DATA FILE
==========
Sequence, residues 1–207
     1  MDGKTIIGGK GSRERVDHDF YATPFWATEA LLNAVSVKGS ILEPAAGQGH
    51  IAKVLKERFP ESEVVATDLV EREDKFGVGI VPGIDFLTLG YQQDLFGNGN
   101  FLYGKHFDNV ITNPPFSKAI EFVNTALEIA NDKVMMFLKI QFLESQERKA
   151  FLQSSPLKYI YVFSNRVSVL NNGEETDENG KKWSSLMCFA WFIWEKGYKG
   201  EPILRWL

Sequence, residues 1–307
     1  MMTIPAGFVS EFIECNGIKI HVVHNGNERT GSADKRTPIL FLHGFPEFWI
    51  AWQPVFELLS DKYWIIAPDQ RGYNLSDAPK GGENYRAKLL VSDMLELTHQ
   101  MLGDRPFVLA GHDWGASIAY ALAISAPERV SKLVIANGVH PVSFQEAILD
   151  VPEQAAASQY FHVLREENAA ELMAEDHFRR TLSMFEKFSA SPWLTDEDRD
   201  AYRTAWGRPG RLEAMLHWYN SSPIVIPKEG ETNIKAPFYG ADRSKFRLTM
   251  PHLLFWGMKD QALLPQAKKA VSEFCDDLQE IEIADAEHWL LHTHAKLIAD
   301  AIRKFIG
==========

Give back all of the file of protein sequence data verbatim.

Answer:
Sequence, residues 1–207
     1  MDGKTIIGGK GSRERVDHDF YATPFWATEA LLNAVSVKGS ILEPAAGQGH
    51  IAKVLKERFP ESEVVATDLV EREDKFGVGI VPGIDFLTLG YQQDLFGNGN
   101  FLYGKHFDNV ITNPPFSKAI EFVNTALEIA NDKVMMFLKI QFLESQERKA
   151  FLQSSPLKYI YVFSNRVSVL NNGEETDENG KKWSSLMCFA WFIWEKGYKG
   201  EPILRWL

Sequence, residues 1–307
     1  MMTIPAGFVS EFIECNGIKI HVVHNGNERT GSADKRTPIL FLHGFPEFWI
    51  AWQPVFELLS DKYWIIAPDQ RGYNLSDAPK GGENYRAKLL VSDMLELTHQ
   101  MLGDRPFVLA GHDWGASIAY ALAISAPERV SKLVIANGVH PVSFQEAILD
   151  VPEQAAASQY FHVLREENAA ELMAEDHFRR TLSMFEKFSA SPWLTDEDRD
   201  AYRTAWGRPG RLEAMLHWYN SSPIVIPKEG ETNIKAPFYG ADRSKFRLTM
   251  PHLLFWGMKD QALLPQAKKA VSEFCDDLQE IEIADAEHWL LHTHAKLIAD
   301  AIRKFIG